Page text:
Staff member

Maria del Mar Cendra Gascón

Postdoctoral Researcher
Bacterial Infections: Antimicrobial Therapies
+34 934 034 678
Staff member publications

Campo-Pérez, Víctor, Cendra, Maria del Mar, Julián, Esther, Torrents, Eduard, (2021). Easily applicable modifications to electroporation conditions improve the transformation efficiency rates for rough morphotypes of fast-growing mycobacteria New Biotechnology 63, 10-18

Electroporation is the most widely used and efficient method to transform mycobacteria. Through this technique, fast- and slow-growing mycobacteria with smooth and rough morphotypes have been successfully transformed. However, transformation efficiencies differ widely between species and strains. In this study, the smooth and rough morphotypes of Mycobacteroides abscessus and Mycolicibacterium brumae were used to improve current electroporation procedures for fast-growing rough mycobacteria. The focus was on minimizing three well-known and challenging limitations: the mycobacterial restriction-modification systems, which degrade foreign DNA; clump formation of electrocompetent cells before electroporation; and electrical discharges during pulse delivery, which were reduced by using salt-free DNA solution. Herein, different strategies are presented that successfully address these three limitations and clearly improve the electroporation efficiencies over the current procedures. The results demonstrated that combining the developed strategies during electroporation is highly recommended for the transformation of fast-growing rough mycobacteria.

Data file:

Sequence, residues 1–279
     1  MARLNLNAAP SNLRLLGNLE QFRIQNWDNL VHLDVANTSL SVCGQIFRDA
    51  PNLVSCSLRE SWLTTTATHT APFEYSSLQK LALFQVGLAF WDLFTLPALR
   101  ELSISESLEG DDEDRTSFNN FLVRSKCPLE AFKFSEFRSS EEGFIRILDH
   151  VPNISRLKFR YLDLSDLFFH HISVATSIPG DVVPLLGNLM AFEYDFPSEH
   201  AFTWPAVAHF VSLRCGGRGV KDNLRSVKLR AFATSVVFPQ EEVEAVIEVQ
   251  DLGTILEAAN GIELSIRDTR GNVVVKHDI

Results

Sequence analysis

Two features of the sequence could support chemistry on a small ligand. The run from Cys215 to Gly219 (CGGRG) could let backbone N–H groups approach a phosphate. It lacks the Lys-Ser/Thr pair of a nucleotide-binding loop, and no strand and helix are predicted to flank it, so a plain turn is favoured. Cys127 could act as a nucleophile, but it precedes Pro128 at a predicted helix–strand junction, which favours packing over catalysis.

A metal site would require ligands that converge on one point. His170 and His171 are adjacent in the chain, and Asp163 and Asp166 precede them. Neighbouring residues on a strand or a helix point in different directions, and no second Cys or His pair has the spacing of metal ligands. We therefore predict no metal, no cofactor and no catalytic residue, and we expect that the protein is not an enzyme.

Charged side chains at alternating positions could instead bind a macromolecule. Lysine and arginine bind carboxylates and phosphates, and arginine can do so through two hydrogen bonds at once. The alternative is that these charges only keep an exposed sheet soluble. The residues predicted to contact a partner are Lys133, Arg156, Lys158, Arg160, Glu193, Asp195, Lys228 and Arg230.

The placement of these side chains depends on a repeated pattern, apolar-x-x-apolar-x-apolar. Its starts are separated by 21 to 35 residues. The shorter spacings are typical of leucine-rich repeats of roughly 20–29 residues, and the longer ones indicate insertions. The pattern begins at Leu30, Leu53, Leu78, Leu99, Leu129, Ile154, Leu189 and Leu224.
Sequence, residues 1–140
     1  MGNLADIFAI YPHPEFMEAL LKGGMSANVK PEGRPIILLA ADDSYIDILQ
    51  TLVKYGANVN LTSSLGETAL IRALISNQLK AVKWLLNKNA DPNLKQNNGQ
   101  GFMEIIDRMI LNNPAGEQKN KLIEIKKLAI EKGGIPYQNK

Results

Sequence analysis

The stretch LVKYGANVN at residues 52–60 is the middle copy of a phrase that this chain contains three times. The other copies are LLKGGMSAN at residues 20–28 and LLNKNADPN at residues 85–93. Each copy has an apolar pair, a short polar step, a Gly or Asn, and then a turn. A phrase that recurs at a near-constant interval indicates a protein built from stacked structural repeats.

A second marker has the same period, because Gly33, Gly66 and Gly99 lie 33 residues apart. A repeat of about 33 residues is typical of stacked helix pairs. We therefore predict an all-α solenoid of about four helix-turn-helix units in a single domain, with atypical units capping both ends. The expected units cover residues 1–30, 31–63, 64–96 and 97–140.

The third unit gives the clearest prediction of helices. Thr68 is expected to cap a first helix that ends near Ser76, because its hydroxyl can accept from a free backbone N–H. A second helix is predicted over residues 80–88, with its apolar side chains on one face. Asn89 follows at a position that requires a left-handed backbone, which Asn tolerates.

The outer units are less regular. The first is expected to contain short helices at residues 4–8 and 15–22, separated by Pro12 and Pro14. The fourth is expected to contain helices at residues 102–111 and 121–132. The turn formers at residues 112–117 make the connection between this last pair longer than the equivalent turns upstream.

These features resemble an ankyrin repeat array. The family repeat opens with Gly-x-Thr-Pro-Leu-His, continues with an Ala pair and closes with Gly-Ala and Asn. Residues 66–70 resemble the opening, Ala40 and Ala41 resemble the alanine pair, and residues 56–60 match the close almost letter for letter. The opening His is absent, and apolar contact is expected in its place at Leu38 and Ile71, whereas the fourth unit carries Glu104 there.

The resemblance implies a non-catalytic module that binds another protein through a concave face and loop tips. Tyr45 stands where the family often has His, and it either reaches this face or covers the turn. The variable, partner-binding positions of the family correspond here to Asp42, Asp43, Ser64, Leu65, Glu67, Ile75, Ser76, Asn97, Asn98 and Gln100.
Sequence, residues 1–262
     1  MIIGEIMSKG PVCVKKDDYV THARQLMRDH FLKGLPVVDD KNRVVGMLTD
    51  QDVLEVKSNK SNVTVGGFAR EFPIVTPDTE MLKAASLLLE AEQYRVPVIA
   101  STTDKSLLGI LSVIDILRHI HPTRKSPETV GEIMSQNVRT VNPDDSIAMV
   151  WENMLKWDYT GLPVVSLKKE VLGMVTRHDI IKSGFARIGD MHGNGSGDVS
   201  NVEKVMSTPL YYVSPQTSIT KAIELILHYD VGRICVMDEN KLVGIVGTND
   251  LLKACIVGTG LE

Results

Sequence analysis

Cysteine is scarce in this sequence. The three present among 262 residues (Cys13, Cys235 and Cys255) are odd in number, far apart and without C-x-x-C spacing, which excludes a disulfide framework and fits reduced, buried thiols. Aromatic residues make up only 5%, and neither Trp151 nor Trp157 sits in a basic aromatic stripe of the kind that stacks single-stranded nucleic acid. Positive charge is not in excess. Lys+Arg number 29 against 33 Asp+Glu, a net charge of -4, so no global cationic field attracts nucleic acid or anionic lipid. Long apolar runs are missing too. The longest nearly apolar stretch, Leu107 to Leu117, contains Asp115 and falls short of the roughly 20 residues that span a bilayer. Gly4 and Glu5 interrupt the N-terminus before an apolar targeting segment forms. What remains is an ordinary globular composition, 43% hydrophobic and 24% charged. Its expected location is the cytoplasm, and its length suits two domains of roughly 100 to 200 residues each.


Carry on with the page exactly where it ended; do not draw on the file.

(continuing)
Keywords: Mycobacteria, Clump, Desalted DNA, Electroporation

Moya-Andérico, L., Vukomanovic, M., Cendra, M. D. M., Segura-Feliu, M., Gil, V., del Río, J. A., Torrents, E., (2021). Utility of Galleria mellonella larvae for evaluating nanoparticle toxicology Chemosphere 266

The use of nanoparticles in consumer products is currently on the rise, so it is important to have reliable methods to predict any associated toxicity effects. Traditional in vitro assays fail to mimic true physiological responses of living organisms against nanoparticles whereas murine in vivo models are costly and ethically controversial. For these reasons, this study aimed to evaluate the efficacy of Galleria mellonella as an alternative, non-rodent in vivo model for examining nanoparticle toxicity. Silver, selenium, and functionalized gold nanoparticles were synthesized, and their toxicity was assessed in G. mellonella larvae. The degree of acute toxicity effects caused by each type of NP was efficiently detected by an array of indicators within the larvae: LD50 calculation, hemocyte proliferation, NP distribution, behavioral changes, and histological alterations. G. mellonella larvae are proposed as a nanotoxicological model that can be used as a bridge between in vitro and in vivo murine assays in order to obtain better predictions of NP toxicity. © 2020 Elsevier Ltd